The problem with the Senate

By Paul M. Weyrich
web posted August 14, 2000

The House Republican leadership has done so well this Congress. With the closest margin of any Congress since 1926, they have managed to pass much good legislation. Moreover, they have done comparatively little harm. Of course, I wish there were issues they had tackled which they haven’t. And I wish they had showed more courage on a variety of fronts. But given the fact that there are about 30 to 40 liberal Republicans who threaten to revolt and vote with the Democrats on everything which comes down the pike, Speaker Dennis Hastert and his team have all but performed miracles in the House.

I wish I could say the same about the Senate. True, the rules are different and it really requires 60 votes these days to pass anything in the upper chamber. Still and all, so much of the good work produced by the House simply dies in the Senate or gets modified there beyond recognition.
Despite the differences between the House and the Senate, having worked in the Senate for eleven years for two Members of the Leadership, I am confident in saying that things could be a lot better in that body.

The question is why?

I began to ponder the situation and then it came to me. In the House, the right leaders are in the right positions. Denny Hastert is the right man for Speaker. He is a leader without pretending he knows it all. He inspires his troops and sometimes pushes them, but he seldom angers them.

Dick Armey makes an excellent Majority Leader under Hastert. He was not as good under Speaker Newt Gingrich because he was always forced to deal with Newt’s overblown rhetoric and underdelivery in the promise department. Now it is a different ballgame and Armey has risen to the occasion.
Tom DeLay is perhaps the best Whip either party has had in modern history. He is just made for that job. His first deputy, Roy Blunt, is also extremely able. He occupies the post that Hastert had before becoming Speaker.

Chris Cox, the egghead Congressman from California, is in the right post as Policy Committee Chairman and so it goes. It is a team that works.

Trent Lott

Contrast that with the Senate. Trent Lott was a terrific Whip in both the House and the Senate. But he has made a poor Majority Leader. He is far too eager at times to compromise at the lowest common denominator. Other times he gets far in front of his Caucus, with a strong majority against him, and he refuses to listen to them or to back down. He is the Democrat’s favorite Republican leader.

Don Nickles, the Whip, was a great Policy Chairman. He is an issues man. But as the Whip, his heart just isn’t in it. Compared with Nevada’s Harry Reid, who has the comparable job for the Democrats and is always visible on the floor, Nickles goes to the floor only when he has to and seems to be in pain when he does so.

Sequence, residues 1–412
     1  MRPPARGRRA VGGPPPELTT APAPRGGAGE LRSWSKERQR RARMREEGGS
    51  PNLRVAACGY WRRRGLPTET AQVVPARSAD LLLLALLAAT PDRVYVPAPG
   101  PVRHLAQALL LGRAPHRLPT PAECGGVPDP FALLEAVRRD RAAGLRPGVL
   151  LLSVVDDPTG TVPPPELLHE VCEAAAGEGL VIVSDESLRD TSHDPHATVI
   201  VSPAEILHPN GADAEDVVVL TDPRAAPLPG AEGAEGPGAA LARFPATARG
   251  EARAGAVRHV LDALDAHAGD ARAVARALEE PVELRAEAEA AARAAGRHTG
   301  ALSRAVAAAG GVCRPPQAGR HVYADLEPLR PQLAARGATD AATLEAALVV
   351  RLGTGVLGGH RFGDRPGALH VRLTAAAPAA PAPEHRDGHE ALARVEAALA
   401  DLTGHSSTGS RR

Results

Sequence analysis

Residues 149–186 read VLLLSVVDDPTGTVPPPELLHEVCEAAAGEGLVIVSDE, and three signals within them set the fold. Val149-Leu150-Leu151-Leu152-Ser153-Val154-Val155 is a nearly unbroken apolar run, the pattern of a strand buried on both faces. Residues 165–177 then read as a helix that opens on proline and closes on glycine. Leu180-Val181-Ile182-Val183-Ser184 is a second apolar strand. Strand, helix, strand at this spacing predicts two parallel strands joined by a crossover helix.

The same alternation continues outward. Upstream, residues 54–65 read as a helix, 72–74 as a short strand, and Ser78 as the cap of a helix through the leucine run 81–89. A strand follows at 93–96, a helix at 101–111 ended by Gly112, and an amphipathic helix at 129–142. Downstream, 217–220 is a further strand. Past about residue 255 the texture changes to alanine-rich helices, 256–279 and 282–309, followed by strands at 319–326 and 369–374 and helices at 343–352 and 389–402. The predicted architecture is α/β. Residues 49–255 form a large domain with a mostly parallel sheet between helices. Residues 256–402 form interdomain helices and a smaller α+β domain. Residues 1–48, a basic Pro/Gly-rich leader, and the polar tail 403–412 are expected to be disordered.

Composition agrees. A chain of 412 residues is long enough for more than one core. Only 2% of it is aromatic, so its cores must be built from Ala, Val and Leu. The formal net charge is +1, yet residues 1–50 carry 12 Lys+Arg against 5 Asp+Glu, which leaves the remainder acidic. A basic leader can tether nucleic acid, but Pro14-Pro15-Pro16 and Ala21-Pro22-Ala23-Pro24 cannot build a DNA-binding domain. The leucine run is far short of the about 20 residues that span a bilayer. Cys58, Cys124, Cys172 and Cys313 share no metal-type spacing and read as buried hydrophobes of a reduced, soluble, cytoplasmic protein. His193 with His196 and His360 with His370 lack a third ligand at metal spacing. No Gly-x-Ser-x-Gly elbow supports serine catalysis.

Larry Craig, the current Policy Committee Chairman, is a misfit in that position. He is fully capable of being, and ought to seek, the position as Majority Leader. He is a born leader but in the Policy post really can’t exercise his abilities.

Connie Mack is Conference Chairman. Thank God he is departing. Nearly everyone across the spectrum of Republicans thinks he has done a lousy job in that position.

Paul Coverdell, who was stuck with the third string job as Conference Secretary until his recent death, should have been Conference Chairman. He had the real communications skills for that job. But the Conference Secretary position is an inside-the-Senate job, and he seldom got to use them. He also had the energy to provide real leadership on policy questions, but he lacked the platform from which to operate. At 61, he still had the time to move up and provide leadership, but we will never know just how effective he could have been.

So there is a good part of the problem with the Senate. The leaders are just not in the positions they are best suited for. If they would step back and take a long hard look at the situation they would do the following: Larry Craig would announce for Majority Leader. Trent Lott would swallow hard and go back to being Whip. Don Nickles would return to being the Policy Committee Chairman. We would have to find a new Paul Coverdell for Conference Chairman (perhaps a Richard Shelby or a Mitch McConnell), but that is a team that would function correctly. It wouldn’t solve the 60-vote problem in the Senate, but it would go a long way toward creating the kind of harmonious leadership the House has managed to create.

Will it happen? Almost certainly not. Lott, no matter how many mistakes he makes, manages to secure the loyalty of his Senators. To run against him, Craig would have to give up the leadership post he has now with the probable outcome that he would lose.
Nickles, even though he showed forth brilliantly in the Policy post and even though his service as Whip is tortured, would no doubt ever consider going back to Policy a step backwards, even though it would help his team immensely.

The fact is the leadership team in the Senate is mismatched. Were the right people in the right slots in the Senate, as is the case in the House, you would see a whole different spirit in the upper chamber.

If only these senators were like pawns on a chessboard. I know we could produce a winning game by moving a few of them around. Oh, well. It’s nice to dream about.

Paul Weyrich is president of the Free Congress Foundation.

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